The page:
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Is there an elegant was to convert between relativedelta and timedelta?

The use case is getting user input ISO date. Python's isodate will return either isodate.duration.Duration or datetime.timedelta.

We need the features of relativedelta (per What is the difference between "datetime.timedelta" and "dateutil.relativedelta.relativedelta" when working only with days? -- it does more) so need to convert both these types to a relativedata.

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up vote 4 down vote accepted

Just take the total number of seconds and microseconds, that's all a timedelta object stores:

def to_relativedelta(tdelta):
    return relativedelta(seconds=int(tdelta.total_seconds()),

>>> to_relativedelta(timedelta(seconds=0.3))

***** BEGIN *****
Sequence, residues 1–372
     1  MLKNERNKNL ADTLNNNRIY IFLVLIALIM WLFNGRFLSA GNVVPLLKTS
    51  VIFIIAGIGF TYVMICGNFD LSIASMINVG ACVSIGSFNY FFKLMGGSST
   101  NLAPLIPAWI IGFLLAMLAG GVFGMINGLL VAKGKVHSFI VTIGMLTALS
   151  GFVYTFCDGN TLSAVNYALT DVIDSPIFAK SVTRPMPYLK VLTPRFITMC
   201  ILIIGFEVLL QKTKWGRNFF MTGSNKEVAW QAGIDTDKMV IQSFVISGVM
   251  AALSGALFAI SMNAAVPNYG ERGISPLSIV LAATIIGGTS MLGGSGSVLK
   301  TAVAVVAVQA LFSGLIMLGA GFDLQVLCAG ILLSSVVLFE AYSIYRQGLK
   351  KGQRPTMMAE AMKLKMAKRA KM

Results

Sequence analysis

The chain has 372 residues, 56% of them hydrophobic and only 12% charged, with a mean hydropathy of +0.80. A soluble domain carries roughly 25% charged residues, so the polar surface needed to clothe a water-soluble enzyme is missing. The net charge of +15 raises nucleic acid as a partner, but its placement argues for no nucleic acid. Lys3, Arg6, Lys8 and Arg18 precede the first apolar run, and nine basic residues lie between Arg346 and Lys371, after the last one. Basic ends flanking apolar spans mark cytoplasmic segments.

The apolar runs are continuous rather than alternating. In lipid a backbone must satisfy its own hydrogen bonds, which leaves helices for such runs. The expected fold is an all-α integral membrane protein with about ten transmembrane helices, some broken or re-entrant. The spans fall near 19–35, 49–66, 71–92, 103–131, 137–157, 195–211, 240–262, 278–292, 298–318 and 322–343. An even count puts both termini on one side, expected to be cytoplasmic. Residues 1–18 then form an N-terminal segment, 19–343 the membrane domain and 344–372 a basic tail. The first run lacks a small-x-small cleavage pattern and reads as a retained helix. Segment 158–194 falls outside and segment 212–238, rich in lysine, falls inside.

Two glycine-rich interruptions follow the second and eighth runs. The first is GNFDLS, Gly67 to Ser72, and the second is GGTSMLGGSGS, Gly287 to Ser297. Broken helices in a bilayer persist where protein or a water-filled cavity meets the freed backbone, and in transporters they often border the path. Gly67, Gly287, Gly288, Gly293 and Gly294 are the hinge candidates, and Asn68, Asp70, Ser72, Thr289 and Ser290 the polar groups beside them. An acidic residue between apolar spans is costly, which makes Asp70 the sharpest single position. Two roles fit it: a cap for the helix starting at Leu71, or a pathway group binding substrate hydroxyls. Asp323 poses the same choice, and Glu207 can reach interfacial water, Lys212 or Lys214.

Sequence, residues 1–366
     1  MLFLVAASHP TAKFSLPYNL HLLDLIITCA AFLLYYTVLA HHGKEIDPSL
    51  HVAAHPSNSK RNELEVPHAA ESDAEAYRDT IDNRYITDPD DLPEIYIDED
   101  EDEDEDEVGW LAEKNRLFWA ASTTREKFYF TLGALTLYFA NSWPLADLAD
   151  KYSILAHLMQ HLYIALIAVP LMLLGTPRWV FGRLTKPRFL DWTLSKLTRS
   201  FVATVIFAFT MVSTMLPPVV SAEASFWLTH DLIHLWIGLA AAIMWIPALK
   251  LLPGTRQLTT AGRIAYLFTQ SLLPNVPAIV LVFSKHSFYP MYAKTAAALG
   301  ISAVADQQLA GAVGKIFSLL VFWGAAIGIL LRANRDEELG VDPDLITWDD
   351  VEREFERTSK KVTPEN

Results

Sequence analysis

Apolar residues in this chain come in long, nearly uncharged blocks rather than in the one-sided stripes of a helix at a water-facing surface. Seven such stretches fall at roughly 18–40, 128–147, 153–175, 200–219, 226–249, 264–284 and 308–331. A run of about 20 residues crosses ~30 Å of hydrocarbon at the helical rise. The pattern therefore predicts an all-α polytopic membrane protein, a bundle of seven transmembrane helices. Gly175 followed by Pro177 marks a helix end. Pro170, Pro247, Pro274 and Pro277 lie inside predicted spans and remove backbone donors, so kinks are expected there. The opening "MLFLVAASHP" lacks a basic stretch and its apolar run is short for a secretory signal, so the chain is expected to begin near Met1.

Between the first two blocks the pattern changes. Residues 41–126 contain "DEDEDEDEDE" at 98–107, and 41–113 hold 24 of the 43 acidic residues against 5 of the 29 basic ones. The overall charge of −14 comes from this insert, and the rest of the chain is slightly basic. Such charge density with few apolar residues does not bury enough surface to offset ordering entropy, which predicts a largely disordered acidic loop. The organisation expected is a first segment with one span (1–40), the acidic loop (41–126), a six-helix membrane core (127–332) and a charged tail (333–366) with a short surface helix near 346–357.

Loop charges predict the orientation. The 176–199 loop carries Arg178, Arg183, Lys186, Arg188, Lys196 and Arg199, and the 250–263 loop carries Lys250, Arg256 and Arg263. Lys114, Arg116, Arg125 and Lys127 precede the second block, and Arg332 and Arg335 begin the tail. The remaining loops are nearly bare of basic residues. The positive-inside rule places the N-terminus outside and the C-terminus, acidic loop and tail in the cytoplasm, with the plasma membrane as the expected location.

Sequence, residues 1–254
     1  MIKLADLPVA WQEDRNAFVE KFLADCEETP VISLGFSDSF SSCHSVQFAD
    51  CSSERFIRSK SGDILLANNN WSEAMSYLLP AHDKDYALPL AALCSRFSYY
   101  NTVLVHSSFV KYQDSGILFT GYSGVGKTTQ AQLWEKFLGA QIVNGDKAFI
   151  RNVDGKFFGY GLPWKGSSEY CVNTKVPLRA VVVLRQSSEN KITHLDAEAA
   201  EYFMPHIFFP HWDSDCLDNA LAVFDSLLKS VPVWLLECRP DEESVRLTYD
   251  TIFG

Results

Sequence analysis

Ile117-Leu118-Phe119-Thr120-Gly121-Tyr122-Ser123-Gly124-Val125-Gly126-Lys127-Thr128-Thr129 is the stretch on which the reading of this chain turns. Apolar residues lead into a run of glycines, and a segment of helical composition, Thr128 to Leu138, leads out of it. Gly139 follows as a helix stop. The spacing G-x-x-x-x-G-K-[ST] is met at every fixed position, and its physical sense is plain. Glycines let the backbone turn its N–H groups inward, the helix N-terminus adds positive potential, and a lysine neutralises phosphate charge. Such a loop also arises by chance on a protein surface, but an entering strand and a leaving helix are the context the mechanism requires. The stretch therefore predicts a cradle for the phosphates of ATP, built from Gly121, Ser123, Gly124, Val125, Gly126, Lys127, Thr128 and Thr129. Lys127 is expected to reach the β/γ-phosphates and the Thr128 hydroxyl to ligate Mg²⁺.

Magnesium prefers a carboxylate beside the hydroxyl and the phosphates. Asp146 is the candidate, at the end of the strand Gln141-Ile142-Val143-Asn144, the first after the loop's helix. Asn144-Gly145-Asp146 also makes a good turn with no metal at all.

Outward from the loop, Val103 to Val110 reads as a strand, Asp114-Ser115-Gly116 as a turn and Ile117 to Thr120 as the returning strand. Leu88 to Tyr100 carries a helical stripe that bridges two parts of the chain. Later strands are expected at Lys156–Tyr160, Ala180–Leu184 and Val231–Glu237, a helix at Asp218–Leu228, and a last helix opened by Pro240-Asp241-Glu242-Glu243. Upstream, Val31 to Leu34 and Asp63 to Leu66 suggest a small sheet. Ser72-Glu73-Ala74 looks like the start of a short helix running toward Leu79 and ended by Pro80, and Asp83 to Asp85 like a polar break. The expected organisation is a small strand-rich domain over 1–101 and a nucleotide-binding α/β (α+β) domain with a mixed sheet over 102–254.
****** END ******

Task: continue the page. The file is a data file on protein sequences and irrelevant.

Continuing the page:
>>> to_relativedelta(timedelta(seconds=3))
>>> to_relativedelta(timedelta(seconds=300))
>>> to_relativedelta(timedelta(seconds=3000000))
relativedelta(days=+34, hours=+17, minutes=+20)
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The microseconds are included in the total_seconds. – Lennart Regebro Jun 7 '13 at 7:19
@LennartRegebro: Yes, but relativedelta doesn't accept fractional seconds (relativedelta(seconds=0.3) gives relativedelta(seconds=+0)). Also, as the documentation states, microseconds may not be accurate for very large intervals. – Petr Viktorin Jun 7 '13 at 7:26
relativedelta(seconds=0.3) gives relativedelta(seconds=0.3) to me. I'm using python-dateutil 1.5 – falsetru Jun 7 '13 at 7:29
@falsetru, that's weird. It should at least normalize to relativedelta(microseconds=+300000). (I'm using version 1.5 on Python 2.7 and 2.0 on Python 3, on Linux.) – Petr Viktorin Jun 7 '13 at 7:45
@petr-viktorin, My comment was wrong. I spelled "second" instead of "seconds". – falsetru Jun 7 '13 at 7:59
d = datetime.timedelta(...)
share|improve this answer… – falsetru Jun 7 '13 at 6:45

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